The Thai News Service reports that the Thai Board of Investment (BoI) has announced generous tax breaks to encourage the automobile industry to build more 'eco-friendly' cars in Thailand.

To qualify for tax privileges carmakers must build models that use alternative fuels or run for 100 kilometres on fewer than five litres of petrol. They will also have to meet or exceed Euro-4 emission specifications and comply with United Nations Economic Commission for Europe safety standards. And, fourth, production will have to exceed 100,000 units a year by the fifth year of production to qualify for the breaks.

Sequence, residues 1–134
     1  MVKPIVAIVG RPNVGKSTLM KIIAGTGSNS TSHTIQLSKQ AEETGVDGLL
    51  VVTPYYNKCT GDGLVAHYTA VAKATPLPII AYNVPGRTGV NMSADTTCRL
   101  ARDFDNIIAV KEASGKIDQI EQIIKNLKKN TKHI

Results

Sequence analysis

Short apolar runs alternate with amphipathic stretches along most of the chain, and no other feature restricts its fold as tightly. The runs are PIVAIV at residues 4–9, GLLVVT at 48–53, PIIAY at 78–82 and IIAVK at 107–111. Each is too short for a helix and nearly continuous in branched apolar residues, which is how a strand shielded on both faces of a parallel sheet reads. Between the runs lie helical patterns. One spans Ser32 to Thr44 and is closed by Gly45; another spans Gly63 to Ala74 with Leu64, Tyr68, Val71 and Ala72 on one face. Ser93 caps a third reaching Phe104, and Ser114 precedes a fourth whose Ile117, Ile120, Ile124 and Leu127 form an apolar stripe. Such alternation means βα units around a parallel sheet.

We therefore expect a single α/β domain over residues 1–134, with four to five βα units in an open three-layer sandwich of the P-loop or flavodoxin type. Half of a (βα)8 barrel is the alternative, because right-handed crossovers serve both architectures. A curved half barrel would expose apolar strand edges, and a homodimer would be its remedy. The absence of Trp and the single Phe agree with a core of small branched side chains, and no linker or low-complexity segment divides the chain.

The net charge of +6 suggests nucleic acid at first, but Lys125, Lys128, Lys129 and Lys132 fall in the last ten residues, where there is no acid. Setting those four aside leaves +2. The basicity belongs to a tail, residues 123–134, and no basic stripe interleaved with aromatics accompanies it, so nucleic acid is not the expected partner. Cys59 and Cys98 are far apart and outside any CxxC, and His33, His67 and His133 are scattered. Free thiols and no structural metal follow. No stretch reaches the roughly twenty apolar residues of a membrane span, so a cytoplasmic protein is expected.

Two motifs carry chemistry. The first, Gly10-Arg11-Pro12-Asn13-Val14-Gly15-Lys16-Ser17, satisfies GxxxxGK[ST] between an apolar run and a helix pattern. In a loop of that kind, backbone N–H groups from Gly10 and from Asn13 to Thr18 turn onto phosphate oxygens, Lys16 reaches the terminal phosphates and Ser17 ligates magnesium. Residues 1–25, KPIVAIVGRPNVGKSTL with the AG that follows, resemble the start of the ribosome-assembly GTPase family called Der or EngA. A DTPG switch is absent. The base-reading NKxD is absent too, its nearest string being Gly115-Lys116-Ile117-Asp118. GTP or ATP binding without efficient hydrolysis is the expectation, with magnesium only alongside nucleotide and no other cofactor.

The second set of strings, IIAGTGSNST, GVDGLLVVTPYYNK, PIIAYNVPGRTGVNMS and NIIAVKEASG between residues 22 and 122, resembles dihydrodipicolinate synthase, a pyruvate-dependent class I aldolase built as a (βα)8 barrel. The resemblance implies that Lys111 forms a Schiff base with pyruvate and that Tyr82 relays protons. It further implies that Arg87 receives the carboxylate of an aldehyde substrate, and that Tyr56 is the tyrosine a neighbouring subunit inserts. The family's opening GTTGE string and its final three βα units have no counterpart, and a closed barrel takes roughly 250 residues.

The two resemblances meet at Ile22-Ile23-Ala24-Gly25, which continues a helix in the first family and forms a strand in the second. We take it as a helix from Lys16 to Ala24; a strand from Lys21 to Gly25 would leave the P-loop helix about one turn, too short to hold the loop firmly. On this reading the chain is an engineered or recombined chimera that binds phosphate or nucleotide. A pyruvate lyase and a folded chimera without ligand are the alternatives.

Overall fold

Thai Automotive Industry Association president and Toyota Motor Thailand vice president Suparat Sirisuwanangkura described the policy as "great", but questioned the practicality of the requirements.

He said the specifications would lead to companies spending more on development, resulting in bigger price tags. That means fewer buyers, and no mass market.

Suparat said the BoI's production numbers were too optimistic, given domestic demand. As a result, investors would have to build the cars for domestic and international markets.

Safety standards widely used by car companies in Thailand are Japanese, not those demanded by the BoI.

"Other limitations include alternative fuels used by eco cars. Suppose we produce a model with alternative-fuel compatibility for sale in the next two years ... where would we get supplies of fuel?" Suparat asked.

Industry Minister Kosit Panpiemras, who announced the eco-friendly car policy, is scheduled to meet several key Japanese producers in Japan soon to resolve these issues, the report said.